Competitive binding to AT1 receptors to inhibit action of angiotensin II

37

S/E of ARBs:

Similar to ACEIs but less cough, no bradykinin accumulation

38

Contraindications for ARBs:

Renal artery stenosis
Pregnancy

39

Naming of ARBs:

-sartan

40

Drug class of hydralazine:

Phthalazine derivative

41

MoA of hydralazine:

Activates guanylate cyclase causing vasodilation (primarily arterial)

42

Dosage of hydralazine:

2.5 - 10mg IV

43

Peak, duration and half-time of hydralazine:

Onset: 10-20 minutes
Duration: 6 hr
E1/2t: 3 hrs

44

Elimination of hydralazine:

Extensive first-pass effect
IV: 15% excreted unchanged

45

S/E of hydralazine:

Reflex tachycardia
Tolerance/tachyphylaxis
Na+/H2O retention
Angina w/ EKG changes
Drug-induced lupus-like syndrome

46

Clinical use of hydralazine:

In combination with β-blocker and diuretic to limit SNS activation

47

MoA of minoxidil:

Directly relaxes arteriolar smooth muscle via influx of potassium --> hyperpolarization

48

Indications for minoxidil:

Severe HTN due to renovascular disease, renal failure, transplant rejection

49

Clinical use of minoxidil:

Combined with β-blocker and diuretic

50

PK of minoxidil:

90% oral absorption
Peak: 1 hr
E1/2t: 4 hrs
10% of drug excreted unchanged by kidneys

51

S/E of minoxidil:

↑ HR
↑ renin, norepi
Na+/H2O retention
Pulmonary HTN
Pericardial effusion/tamponade

52

EKG changes with minoxidil:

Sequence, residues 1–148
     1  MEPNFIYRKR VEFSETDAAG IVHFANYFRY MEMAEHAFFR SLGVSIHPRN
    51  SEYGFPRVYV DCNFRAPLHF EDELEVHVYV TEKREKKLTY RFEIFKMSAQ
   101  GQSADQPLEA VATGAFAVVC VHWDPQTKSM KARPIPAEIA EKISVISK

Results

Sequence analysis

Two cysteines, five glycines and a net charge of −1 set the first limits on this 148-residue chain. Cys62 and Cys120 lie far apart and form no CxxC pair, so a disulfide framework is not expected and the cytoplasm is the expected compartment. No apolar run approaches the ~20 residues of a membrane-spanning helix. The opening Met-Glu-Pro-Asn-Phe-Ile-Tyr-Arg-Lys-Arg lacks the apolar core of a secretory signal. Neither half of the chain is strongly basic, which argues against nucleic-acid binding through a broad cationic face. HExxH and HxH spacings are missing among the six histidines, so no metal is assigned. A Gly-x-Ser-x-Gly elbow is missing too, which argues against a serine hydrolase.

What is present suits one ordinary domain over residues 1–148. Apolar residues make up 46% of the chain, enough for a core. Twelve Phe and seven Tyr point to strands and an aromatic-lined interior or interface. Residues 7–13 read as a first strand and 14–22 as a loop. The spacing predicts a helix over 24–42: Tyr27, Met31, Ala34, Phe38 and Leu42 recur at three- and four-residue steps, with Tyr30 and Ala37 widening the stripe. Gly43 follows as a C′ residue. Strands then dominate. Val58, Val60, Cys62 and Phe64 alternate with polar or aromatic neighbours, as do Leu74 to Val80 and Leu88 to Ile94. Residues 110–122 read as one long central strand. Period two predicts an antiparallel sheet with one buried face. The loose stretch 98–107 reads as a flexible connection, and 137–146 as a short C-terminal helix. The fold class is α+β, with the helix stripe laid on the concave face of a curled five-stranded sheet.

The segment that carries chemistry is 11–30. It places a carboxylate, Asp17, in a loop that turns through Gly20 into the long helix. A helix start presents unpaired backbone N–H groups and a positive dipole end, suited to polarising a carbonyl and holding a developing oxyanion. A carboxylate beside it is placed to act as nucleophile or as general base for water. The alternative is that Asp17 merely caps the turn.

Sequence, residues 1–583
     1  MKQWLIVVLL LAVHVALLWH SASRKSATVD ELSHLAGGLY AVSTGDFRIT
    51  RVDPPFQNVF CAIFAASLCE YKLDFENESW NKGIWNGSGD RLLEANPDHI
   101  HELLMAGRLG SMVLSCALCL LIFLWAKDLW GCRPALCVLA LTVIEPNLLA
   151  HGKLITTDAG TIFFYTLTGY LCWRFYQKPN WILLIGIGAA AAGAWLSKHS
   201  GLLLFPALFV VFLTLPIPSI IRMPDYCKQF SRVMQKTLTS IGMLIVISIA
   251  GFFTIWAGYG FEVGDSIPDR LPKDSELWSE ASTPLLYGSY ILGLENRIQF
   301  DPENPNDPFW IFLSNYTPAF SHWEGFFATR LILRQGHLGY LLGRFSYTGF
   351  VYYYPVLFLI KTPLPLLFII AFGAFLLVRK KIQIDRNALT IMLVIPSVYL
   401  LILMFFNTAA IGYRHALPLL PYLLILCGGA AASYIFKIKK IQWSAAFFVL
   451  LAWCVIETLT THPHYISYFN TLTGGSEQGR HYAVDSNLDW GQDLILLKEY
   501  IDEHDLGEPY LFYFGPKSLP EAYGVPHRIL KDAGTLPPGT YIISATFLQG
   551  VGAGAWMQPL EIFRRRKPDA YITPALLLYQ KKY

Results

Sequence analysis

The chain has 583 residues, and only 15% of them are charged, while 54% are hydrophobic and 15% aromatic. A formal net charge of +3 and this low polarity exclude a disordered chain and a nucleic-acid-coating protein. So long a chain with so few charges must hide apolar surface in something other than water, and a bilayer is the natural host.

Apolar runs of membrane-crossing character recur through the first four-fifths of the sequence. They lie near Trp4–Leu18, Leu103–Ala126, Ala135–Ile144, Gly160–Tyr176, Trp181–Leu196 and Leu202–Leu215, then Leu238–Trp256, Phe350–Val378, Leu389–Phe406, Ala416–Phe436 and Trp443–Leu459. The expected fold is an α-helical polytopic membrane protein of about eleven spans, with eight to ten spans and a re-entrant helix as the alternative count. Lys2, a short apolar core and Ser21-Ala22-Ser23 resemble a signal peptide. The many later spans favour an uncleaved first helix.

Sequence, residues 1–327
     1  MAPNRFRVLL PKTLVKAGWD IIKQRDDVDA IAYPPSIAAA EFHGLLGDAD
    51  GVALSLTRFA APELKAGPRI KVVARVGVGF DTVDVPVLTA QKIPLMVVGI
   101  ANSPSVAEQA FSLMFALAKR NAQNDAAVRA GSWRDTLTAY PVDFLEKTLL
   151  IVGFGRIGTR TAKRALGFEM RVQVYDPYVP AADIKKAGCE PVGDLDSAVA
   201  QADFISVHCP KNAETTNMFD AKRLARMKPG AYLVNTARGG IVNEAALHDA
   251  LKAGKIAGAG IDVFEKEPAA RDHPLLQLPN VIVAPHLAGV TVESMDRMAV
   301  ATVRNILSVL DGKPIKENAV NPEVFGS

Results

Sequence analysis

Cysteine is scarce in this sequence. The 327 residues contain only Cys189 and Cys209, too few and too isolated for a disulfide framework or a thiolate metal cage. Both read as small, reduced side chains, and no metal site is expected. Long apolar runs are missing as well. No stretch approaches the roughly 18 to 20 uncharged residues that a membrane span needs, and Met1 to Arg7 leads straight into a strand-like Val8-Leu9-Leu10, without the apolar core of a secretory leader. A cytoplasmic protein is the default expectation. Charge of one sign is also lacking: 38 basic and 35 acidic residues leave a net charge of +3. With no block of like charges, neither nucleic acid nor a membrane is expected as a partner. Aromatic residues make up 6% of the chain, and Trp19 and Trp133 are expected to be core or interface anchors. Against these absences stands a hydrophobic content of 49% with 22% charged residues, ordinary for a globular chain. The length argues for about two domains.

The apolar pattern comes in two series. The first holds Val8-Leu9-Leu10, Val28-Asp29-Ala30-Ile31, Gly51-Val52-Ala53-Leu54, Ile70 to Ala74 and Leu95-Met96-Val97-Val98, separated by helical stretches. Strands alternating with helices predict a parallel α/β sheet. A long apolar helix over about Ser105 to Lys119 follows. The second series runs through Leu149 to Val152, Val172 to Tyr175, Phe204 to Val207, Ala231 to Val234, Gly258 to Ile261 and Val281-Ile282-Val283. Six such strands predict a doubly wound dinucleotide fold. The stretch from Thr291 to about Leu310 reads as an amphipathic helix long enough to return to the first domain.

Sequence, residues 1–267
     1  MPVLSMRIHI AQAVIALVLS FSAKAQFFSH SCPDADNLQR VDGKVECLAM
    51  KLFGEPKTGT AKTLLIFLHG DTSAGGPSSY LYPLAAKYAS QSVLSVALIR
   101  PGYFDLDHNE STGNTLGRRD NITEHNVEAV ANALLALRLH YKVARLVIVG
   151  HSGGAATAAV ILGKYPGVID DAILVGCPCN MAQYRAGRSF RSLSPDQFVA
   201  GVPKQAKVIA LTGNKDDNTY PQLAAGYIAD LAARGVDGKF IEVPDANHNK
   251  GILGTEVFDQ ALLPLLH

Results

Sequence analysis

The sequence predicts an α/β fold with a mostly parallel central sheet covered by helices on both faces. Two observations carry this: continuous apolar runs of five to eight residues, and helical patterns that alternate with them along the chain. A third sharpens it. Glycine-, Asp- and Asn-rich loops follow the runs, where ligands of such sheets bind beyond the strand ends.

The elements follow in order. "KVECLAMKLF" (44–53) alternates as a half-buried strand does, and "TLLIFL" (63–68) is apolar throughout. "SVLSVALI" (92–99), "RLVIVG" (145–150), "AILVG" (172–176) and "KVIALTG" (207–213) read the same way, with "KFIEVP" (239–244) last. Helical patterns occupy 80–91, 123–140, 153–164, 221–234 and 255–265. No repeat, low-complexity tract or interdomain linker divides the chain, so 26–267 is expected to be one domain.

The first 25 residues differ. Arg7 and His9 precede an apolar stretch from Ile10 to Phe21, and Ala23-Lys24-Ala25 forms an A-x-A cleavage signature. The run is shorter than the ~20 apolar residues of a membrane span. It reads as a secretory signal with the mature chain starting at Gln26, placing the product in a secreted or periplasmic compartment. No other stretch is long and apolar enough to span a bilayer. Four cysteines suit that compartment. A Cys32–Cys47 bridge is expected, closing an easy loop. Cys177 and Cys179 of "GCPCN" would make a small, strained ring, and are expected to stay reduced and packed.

Flat/inverted T wave
Increased voltage of QRS

53

Indications for peripheral vasodilators:

Facilitate forward flow in AR, MR, HF
Controlled hypotension in OR
Treat hypertensive crisis

54

MoA of sodium nitroprusside:

Interacts with oxyhemoglobin to release NO and cyanide

55

Metabolism of sodium nitroprusside:

Transfer of electron from iron in oxyhemoglobin to SNP yields metHgb + unstable SNP radical with 5 cyanide ions

One cyanide reacts with metHgb to form nontoxic product

Remainder metabolized by liver/kidney to thiocyanate

56

Cyanide toxicity occurs above this rate of sodium nitroprusside:

2 mcg/kg/min over long periods

57

Cyanide toxicity from SNP correlates to:

Lactate levels

58

Tx of cyanide toxicity from sodium nitroprusside:

D/c the SNP infusion
100% O2
Sodium bicarb
Sodium thiosulfate 150 mg/kg over 15 min

59

Tx of severe cyanide toxicity:

Sodium nitrate 5 mg/kg (converts Hgb to metHgb which binds with cyanide)

60

S/s of thiocyanate toxicity:

N/V
Tinnitus
Fatigue
Hyperreflexia
Confusion
Psychosis
Miosis
Seizure
Coma

61

Dosage of sodium nitroprusside:

.3 - 10 mcg/kg/min IV

62

Max dose of sodium nitroprusside:

10 minute infusion

63

Onset/DOA of sodium nitroprusside:

Immediate onset
Short DOA

64

Clinical considerations for use of sodium nitroprusside:

Continues IV dosing
Use A-line!!

65

CV effects of sodium nitroprusside:

Direct venous and arterial dilation
↑ HR from baroreceptor reflex
Intracoronary steal in areas of MI damage!

66

CNS effects of sodium nitroprusside:

↑ CBF
↑ ICP

67